This course is designed to utilize the city of Chicago as a laboratory where the activities of real world innovative entrepreneurs can be observed.  Chicago is a hot bed for start-ups and a city where creative resources are both bountiful and accessible in assisting entrepreneurs in launching their businesses.  This course will utilize experiences in the field to bridge theory and practice. Both traditional and “live” case discussions will feature stories of Chicago-based entrepreneurs and start-up businesses.  Students will develop the ability to recognize the many opportunities that exist in everyday life.  Exposure to diverse start-ups as well as non-traditional exercises in the course will serve as a catalyst for creative entrepreneurial inspiration.  Students will engage in experiences that are intentionally designed to force him/her to seek ideas from non-traditional business sources such as art and nature.

Human Rights and Social Justice Seminar

Instructor: Dorothy Burge

Elective course, 4 semester credits

Click here to see a course syllabus

Chicago has a long and rich history that includes protests and campaigns for social justice. These campaigns have addressed a number of issues, including labor, civil rights, military actions, immigration, education and policing. Many social reformers, such as, Jane Addams, Ida B. Wells Barnett, and Carter G. Woodson called Chicago their home. Chicago is known as the birthplace of the school of sociology; the place where community organizing emerged as a practice and profession and where social reform led to children’s rights. This seminar will look at contemporary social and human rights issues, with a special focus on restorative justice and race.

We will focus on a series of current Chicago case studies that will allow us to examine the intersections of race, class and culture. These case studies will also illustrate how institutional practices shape the quality of life for Chicago residents. In addition, we will examine the creative processes that communities may employ to achieve justice and self-determination.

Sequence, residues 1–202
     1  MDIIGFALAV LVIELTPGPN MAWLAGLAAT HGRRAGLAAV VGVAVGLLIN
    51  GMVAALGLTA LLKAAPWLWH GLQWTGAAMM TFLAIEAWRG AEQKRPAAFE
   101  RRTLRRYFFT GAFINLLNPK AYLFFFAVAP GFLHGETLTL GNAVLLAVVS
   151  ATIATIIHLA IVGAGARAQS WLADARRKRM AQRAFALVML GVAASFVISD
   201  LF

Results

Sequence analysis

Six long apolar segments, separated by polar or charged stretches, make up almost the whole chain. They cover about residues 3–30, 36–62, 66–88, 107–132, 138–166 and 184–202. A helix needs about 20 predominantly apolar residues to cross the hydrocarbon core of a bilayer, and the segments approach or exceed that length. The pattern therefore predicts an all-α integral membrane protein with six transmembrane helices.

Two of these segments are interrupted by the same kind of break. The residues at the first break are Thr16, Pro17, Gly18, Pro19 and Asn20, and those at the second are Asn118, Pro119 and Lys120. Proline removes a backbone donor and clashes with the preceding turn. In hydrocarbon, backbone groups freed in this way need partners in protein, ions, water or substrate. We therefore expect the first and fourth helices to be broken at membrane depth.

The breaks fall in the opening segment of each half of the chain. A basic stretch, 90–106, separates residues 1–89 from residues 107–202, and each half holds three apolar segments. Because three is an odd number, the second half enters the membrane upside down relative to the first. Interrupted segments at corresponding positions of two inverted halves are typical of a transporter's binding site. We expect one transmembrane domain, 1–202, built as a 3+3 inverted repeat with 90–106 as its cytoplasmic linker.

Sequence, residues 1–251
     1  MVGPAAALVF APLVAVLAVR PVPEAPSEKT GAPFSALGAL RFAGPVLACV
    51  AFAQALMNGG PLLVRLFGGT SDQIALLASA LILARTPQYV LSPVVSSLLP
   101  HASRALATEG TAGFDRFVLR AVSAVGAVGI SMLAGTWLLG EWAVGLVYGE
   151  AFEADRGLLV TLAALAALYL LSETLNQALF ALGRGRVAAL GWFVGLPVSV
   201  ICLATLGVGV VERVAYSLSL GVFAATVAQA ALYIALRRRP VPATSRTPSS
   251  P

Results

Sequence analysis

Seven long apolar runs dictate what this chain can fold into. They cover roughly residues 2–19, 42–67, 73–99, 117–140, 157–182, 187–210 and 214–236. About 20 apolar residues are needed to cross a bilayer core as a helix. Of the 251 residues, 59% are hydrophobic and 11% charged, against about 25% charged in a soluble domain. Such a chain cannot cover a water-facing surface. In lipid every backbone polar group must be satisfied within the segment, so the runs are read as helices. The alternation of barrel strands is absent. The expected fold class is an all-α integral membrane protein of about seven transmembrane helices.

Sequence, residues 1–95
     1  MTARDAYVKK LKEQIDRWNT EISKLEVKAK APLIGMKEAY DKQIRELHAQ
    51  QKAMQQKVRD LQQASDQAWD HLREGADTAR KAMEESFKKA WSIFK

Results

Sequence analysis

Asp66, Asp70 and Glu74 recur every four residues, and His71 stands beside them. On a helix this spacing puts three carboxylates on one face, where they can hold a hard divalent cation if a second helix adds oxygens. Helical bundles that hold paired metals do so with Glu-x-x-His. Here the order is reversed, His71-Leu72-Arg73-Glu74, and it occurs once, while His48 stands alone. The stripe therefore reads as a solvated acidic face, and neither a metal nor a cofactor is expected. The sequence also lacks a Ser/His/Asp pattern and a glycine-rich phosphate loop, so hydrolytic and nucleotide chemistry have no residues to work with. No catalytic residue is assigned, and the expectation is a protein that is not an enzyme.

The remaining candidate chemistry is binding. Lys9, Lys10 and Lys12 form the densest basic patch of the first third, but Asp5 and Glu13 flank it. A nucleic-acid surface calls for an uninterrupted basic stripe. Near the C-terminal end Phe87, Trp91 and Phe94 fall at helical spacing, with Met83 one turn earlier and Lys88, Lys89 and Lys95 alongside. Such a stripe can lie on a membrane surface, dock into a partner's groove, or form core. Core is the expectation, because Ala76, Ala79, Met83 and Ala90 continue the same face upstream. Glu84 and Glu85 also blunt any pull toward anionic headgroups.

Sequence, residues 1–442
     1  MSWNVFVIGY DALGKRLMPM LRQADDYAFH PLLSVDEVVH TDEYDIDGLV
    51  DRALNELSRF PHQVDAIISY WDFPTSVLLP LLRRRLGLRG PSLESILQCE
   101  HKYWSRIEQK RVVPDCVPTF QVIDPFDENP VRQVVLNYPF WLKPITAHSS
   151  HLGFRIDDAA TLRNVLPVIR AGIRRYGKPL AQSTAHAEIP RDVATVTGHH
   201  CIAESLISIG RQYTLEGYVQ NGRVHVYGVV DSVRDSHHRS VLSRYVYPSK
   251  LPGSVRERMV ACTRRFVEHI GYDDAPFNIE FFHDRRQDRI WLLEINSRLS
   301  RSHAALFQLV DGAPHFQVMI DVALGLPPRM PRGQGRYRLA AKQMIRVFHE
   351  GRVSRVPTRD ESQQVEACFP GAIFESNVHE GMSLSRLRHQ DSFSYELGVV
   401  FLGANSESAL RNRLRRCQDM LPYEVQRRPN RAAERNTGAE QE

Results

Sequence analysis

The seminar will incorporate a variety of guest speakers, field visits, video, selected readings, and simulations to engage students and assist them in their development of an understanding of these issues. The seminar is also designed to encourage students to see themselves as vital agents of social change. We will gather as many perspectives as possible in order to determine where we stand and what actions can be taken to impact the system in a positive way.   

Chicago Neighborhoods Seminar

Instructor: Dorothy Burge

Elective course, 4 semester credits

Click here to see a course syllabus

The Chicago Neighborhoods Seminar aims to introduce the place and identity of Chicago. Chicago is a city of neighborhoods and as such there is a synergy that permeates the local experience.  Students are provided with a unique opportunity to engage in place-based learning through this course.  Living in and examining neighborhoods provides a lens to better understand the complexity of Chicago as a diverse and continuously evolving city.

We will explore important questions that cross disciplinary boundaries. Guest speakers from around the city will spark discussions and reflection. Common readings and projects will prompt conversation, creativity, research, and exploration. Most importantly, this seminar will get you throughout Chicago to meet people defining culture, confronting problems, and reshaping businesses. Through it all, you will contextualize the Chicago you live and work in everyday within its own rich and complex history and imagine how the city’s identity might continue to evolve.

Chicago Program: Arts, Entrepreneurship, & Social Justice

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John Brendan Horgan The Urban Studies program provided an excellent opportunity to learn and experience beyond the normal realm of a classroom. Not only did we visit numerous neighborhoods throughout Chicago, but we talked with the individuals leading, working with, or volunteering at the non-profits and organizations working for social change and social justice. We found out about their passion, their framework of seeing injustice in the world, and the angle at which they are trying to address it. We also developed community within our precept group, and with students from within the other Chicago Programs. We once had a session on race which started with a great discussion about our readings. We then met with a blues artist who played for us and we continued our discussion with him. We capped off the day by attending a real Chicago blues club, and saw in-person what we had been talking about - it was a day that represented all that I enjoyed about the Chicago Programs.

—John Brendan Horgan, Chicago Program (Urban Studies), Fall 2009